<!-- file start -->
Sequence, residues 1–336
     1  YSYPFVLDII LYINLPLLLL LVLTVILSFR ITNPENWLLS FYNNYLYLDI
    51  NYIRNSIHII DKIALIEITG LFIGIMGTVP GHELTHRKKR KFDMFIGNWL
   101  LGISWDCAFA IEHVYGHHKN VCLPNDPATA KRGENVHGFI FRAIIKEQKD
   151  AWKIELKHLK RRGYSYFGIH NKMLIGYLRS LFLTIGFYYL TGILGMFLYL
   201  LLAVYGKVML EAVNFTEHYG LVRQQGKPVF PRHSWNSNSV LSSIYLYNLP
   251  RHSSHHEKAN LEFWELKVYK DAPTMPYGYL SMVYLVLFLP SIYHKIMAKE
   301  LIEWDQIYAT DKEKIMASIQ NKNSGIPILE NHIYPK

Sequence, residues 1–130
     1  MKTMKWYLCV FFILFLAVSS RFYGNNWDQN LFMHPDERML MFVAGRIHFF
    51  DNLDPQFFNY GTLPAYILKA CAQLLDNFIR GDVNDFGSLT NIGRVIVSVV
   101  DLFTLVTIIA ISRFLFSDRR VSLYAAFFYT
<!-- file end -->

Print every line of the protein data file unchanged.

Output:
Sequence, residues 1–336
     1  YSYPFVLDII LYINLPLLLL LVLTVILSFR ITNPENWLLS FYNNYLYLDI
    51  NYIRNSIHII DKIALIEITG LFIGIMGTVP GHELTHRKKR KFDMFIGNWL
   101  LGISWDCAFA IEHVYGHHKN VCLPNDPATA KRGENVHGFI FRAIIKEQKD
   151  AWKIELKHLK RRGYSYFGIH NKMLIGYLRS LFLTIGFYYL TGILGMFLYL
   201  LLAVYGKVML EAVNFTEHYG LVRQQGKPVF PRHSWNSNSV LSSIYLYNLP
   251  RHSSHHEKAN LEFWELKVYK DAPTMPYGYL SMVYLVLFLP SIYHKIMAKE
   301  LIEWDQIYAT DKEKIMASIQ NKNSGIPILE NHIYPK

Sequence, residues 1–130
     1  MKTMKWYLCV FFILFLAVSS RFYGNNWDQN LFMHPDERML MFVAGRIHFF
    51  DNLDPQFFNY GTLPAYILKA CAQLLDNFIR GDVNDFGSLT NIGRVIVSVV
   101  DLFTLVTIIA ISRFLFSDRR VSLYAAFFYT